Alicia Jane Boswell received her Masters of Fine Arts in metalsmithing/jewelry from the University of Massachusetts, Dartmouth and a B.F.A. in functional design at Murray State University in Kentucky. She has attained positions of visiting professor, sabbatical replacement, adjunct faculty, studio assistant/technician, artist-in-residence, and visiting workshop instructor at arts/crafts education centers around the United States and internationally. In 2013 Boswell was also invited to assist and display work in a workshop at the Antonio Ratti Textile Center of the Metropolitan Museum of Art which coincided with the exhibition Gems of European Lace 1600-1920. She was invited by the Textile Support Organization in Pavia, Italy, to exhibit work, lecture, and teach a workshop on contemporary jewelry. She participated in SIERAAD Art Fair, an international jewelry fair in Amsterdam. Prior to her residency at the Armory she was teaching and working as a full time goldsmith in Louisville, KY.
Ellen Levy is an art jeweler and has been knitting for over 60 years. She as found combining both hobbies and avocations has been an absolute joy. She has been selling her jewelry at art jewelry boutiques and major art shows in Santa Fe, New Mexico, Austin, Texas and southern Florida for the past 15 years and presently sells locally at Whitespace and the Armory Art Center.
Ellen Levy’s first career was as an environmental designer, designing sensory stimulation environments for multiply handicapped individuals. Her second career was capital goods sales for one of the two largest hospital equipment companies in the world. Her third career was as executive vicep of a clinical research company that performed research for Food and Drug Administration (FDA) approval, from which she retired. Ellen returned to her love of design when she studied jewelry design at the Armory Art Center in West Palm Beach, Florida, the Taos Institute of Art in Taos, New Mexico and from many Master Jewelry Artists throughout the United States.
As a graduate student in design, Ellen was deeply influenced by the geometry, form and function of the architects and designers of the Bauhaus School. As a jewelry artist she has transformed her love of form and function into a unique combination of style, form, texture, and color.
Gustavo Hoefs began his career in 1981 working as a hobbyist at his Lake Worth home. The desire to build jewelry and create something beautiful has always been a constant. In the beginning, he sought help from gallery owners and friends who were jewelers. Gustavo took classes at craft schools in Penland, NC, Atlanta, GA, and worked as a bench jeweler in Black Mountain, NC. Moving to Columbus, OH, he worked for jeweler and lapidary artist Mark Abbott. In 2005 Gustavo opened Beechwold custom jewelry, the only exclusively all custom bridal jewelry shop in Columbus OH.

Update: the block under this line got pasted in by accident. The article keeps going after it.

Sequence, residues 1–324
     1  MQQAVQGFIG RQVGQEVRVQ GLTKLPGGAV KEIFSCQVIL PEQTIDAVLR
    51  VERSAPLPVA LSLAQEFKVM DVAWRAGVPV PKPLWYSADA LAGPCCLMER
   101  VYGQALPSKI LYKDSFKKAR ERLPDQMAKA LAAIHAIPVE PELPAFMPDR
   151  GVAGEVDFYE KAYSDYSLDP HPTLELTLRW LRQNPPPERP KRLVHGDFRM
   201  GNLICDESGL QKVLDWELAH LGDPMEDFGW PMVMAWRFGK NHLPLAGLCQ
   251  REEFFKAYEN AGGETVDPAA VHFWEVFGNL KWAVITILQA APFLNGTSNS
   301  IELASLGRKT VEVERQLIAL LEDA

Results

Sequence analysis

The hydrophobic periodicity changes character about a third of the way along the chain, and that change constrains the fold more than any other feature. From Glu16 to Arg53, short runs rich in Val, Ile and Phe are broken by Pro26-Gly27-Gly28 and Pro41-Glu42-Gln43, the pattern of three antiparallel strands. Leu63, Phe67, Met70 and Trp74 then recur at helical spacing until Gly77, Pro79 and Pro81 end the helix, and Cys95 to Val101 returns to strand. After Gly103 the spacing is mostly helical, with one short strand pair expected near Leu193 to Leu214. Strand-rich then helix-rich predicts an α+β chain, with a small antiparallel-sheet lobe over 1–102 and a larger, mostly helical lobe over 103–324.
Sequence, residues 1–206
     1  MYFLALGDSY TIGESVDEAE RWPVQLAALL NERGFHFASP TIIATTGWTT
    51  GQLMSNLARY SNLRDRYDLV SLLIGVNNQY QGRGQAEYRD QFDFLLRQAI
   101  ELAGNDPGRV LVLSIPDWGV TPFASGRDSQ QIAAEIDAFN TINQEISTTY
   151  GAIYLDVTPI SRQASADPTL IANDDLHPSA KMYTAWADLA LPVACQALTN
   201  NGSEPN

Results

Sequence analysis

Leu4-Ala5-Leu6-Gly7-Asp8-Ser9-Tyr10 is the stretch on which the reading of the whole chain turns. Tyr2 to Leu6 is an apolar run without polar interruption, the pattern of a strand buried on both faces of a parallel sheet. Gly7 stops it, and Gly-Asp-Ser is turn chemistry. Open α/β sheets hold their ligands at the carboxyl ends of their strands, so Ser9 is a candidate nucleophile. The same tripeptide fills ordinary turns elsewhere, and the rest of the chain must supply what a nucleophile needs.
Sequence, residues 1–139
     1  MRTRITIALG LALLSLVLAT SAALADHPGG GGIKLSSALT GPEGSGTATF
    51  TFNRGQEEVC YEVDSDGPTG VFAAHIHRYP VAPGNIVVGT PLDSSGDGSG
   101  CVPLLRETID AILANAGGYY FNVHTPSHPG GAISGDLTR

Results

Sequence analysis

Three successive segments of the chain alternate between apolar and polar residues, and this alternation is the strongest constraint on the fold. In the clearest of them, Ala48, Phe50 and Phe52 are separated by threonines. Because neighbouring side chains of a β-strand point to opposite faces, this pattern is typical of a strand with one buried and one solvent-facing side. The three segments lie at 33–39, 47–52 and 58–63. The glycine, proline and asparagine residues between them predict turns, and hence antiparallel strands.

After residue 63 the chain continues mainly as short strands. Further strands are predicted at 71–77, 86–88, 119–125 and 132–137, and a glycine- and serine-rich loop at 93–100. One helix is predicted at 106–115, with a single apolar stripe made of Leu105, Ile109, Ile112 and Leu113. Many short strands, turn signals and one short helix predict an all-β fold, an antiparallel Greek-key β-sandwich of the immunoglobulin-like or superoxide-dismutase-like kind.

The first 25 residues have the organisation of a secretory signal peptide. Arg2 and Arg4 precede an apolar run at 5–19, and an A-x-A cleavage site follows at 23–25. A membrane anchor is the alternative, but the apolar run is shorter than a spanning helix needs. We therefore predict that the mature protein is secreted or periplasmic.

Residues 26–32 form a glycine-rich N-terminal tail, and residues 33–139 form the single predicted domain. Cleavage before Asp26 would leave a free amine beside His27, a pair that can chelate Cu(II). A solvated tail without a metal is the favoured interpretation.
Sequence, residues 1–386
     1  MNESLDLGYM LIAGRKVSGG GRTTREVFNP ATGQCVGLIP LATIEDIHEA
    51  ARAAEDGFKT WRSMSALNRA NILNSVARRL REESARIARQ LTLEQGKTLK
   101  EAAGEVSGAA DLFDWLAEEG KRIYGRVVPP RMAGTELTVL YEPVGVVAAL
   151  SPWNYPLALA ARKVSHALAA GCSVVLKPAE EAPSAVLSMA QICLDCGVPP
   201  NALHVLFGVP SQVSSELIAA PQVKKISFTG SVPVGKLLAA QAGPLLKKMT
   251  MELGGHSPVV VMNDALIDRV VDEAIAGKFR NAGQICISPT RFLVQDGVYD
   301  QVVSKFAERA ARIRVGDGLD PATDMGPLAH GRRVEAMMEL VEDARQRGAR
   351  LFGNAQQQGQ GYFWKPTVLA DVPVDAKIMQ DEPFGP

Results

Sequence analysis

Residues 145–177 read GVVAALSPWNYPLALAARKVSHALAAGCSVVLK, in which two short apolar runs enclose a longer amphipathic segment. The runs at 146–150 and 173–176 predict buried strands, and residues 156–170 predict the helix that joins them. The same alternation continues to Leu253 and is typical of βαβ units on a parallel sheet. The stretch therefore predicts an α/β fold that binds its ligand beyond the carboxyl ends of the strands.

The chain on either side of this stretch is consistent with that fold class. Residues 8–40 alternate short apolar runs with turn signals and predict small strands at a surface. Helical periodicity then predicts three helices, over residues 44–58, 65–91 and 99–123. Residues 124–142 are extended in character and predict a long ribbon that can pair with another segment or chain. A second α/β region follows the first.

Lisa Johnson is the Director of Jewelry & Metalsmithing and Fiber & Textiles at The Armory Art Center in West Palm Beach, FL. After receiving her B.F.A. from Miami University and M.F.A. from Indiana University in Metalsmithing & Jewelry Design, she was awarded as Artist-In-Residence at Arrowmont School of Arts and Crafts. She exhibits and teaches workshops nationally. Recent publications featuring her work include Metalsmith Magazine Exhibition in Print, On Body and Soul: Contemporary Armor to Amulets, 500 Necklaces, Humor in Craft, 500 Prints on Clay, and 500 Jewelry Designs.
Michel McNabb is a jewelry artist living in West Palm Beach, Florida. She has been creating jewelry using the lost wax casting method since the year 2000. Her art jewelry collection is composed of bright colored vitreous enamel combined with cast and fabricated pieces in sterling silver and gold. She has been working as and independent designer, attending wholesale shows and juried art and craft shows both nationally and internationally.
Michel earned her BFA at Denison University, focusing on intaglio etching. After graduating she moved to Spain where she lived for 18 years. This is where she began making jewelry, learning from local craftsmen and artisans and implementing skills from her fine arts background as well.
“The process begins with an idea inspired by the beauty around me. It could be a pattern from the architecture or simple forms found in nature and everyday objects. An idea sparks. This idea keeps me awake at night until I can see the finished piece in my mind. I sit down at my workbench and begin creating. When I work with my hands, I am reminded that I can create objects that will last much longer than I will. These are the things that will be left behind as artifacts of our contemporary culture.”